U.S. Department of Transportation
Federal Highway Administration
1200 New Jersey Avenue, SE
Washington, DC 20590
202-366-4000


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Federal Highway Administration Research and Technology
Coordinating, Developing, and Delivering Highway Transportation Innovations

Overview

 

Research and Development (R&D) Project Sites

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Project Information
Project ID:   FHWA-PROJ-10-0005
Project Name:   Asphalt with Improved Physical Properties
Project Status:   Terminated
Start Date:  February 1, 2010
End Date:  December 31, 2011
Contact Information
Last Name:  Arnold
First Name:  Terry
Telephone:  202-493-3305
E-mail:  terry.arnold@dot.gov
Office:   Office of Infrastructure Research and Development
Team:   Pavement Materials Team [HRDI-10]
Program:   Turner-Fairbank Highway Research Center
Laboratory:   Binder Laboratory
Project detail
Roadmap/Focus area(s):   Infrastructure Research and Technology Strategic Plan and Roadmap
Project Description:   A tremendous amount of work is done by rheologists and engineers to measure the physical properties of asphalt. No attention is paid to improving the physical properties. The major method of improving asphalt binder properties is modification with polymers, typically styrene-butadiene-styrene polymers, a technique developed in the United Kingdom nearly 40 years ago. Some chemical modification is done on asphalt for specialized high-cost applications, such as joint sealants and bridge deck pavements. We want to investigate modifying asphalts with different monomers, such as butadiene (or replacements for butadiene containing polymers), epoxy, urethane, acrylic, silane, etc., with a view to developing asphalt with enhanced physical properties in terms of tensile strength, elasticity, fatigue aging, and water resistance.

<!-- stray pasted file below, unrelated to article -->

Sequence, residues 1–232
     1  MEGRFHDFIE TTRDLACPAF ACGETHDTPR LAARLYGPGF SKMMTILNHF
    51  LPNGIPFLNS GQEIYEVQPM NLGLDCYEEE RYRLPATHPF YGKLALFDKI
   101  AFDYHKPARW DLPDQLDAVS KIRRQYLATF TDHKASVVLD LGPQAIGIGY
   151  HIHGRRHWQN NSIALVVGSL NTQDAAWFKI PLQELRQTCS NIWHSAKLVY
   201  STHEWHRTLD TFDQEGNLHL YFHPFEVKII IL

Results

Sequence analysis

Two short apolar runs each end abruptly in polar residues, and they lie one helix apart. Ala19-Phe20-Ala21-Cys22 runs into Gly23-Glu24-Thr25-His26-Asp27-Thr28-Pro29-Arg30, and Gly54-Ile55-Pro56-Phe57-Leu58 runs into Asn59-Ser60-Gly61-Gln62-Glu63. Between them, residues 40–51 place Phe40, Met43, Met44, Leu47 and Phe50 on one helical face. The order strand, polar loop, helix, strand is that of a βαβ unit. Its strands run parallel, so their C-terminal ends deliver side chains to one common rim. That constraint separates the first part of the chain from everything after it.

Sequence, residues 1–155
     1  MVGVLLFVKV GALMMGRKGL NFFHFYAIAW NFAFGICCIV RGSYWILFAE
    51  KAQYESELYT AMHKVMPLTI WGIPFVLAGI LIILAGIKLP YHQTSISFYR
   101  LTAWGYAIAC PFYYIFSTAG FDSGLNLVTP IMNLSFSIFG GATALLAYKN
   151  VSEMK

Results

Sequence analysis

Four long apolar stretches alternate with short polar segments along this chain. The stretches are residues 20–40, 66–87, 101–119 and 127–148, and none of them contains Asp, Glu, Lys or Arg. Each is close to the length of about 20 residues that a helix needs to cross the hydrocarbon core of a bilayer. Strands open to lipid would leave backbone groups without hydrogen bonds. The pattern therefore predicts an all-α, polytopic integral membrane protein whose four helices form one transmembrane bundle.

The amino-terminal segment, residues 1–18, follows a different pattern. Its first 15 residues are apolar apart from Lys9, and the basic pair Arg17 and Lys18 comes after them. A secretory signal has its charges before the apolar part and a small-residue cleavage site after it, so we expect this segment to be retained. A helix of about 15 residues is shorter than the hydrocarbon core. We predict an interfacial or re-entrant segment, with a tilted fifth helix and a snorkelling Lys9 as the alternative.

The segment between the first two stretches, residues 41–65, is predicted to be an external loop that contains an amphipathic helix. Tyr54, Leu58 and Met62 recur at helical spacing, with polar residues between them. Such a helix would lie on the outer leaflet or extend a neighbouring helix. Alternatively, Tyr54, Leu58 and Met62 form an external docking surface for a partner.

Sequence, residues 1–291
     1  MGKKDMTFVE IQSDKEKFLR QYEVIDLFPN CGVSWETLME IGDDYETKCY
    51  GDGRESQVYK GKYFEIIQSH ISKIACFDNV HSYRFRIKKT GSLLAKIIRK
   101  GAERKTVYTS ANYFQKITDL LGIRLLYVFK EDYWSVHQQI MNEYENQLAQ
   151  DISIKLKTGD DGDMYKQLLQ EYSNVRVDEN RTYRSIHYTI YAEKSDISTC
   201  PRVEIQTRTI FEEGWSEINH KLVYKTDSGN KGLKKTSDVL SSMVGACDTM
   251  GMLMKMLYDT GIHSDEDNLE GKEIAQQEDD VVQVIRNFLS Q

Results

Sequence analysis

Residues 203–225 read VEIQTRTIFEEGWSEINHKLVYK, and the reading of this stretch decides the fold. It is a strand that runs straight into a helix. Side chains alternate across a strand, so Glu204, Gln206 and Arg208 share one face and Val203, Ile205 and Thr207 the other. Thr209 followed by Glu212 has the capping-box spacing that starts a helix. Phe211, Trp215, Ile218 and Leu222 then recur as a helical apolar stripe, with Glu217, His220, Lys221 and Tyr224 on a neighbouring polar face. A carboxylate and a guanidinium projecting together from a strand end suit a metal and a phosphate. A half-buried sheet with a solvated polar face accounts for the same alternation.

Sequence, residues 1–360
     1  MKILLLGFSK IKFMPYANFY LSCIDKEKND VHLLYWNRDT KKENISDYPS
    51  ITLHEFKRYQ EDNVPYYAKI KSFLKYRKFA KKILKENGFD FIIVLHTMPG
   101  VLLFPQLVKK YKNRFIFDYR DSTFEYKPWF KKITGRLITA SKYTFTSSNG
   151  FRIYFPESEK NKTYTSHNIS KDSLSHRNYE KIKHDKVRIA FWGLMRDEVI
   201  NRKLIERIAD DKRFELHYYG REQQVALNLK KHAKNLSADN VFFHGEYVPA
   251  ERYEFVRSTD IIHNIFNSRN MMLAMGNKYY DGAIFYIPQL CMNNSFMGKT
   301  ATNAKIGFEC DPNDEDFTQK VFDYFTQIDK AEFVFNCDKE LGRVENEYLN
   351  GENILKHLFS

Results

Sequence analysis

Goals:   The key project objective is material design.
Product Type:   Research report
Test Methodology:   The test approach is to react/blend various monomers and polymers with asphalts and evaluate rheology of the modified asphalt.
Expected Benefits:   The expected benefit is longer-lasting highways.
Deliverables:   The deliverable is a report detailing the monomers tested and their effect on the performance grade (PG) of asphalt binders.
Project Findings:   A number of polymer materials were evaluated; however, only the isocyanates improved the performance of the asphalt binders. Epoxy and acrylic monomers did not show any binder performance grade (PG) increase.
FHWA Topics:   Roads and Bridges--Pavement and Materials
TRT Terms:   Polymers
Infrastructure
Research
Asphalt
Highways
Bridges
Pavements
FHWA Disciplines:   Pavement and Materials
Subject Areas:   Materials

 

Federal Highway Administration | 1200 New Jersey Avenue, SE | Washington, DC 20590 | 202-366-4000
Turner-Fairbank Highway Research Center | 6300 Georgetown Pike | McLean, VA | 22101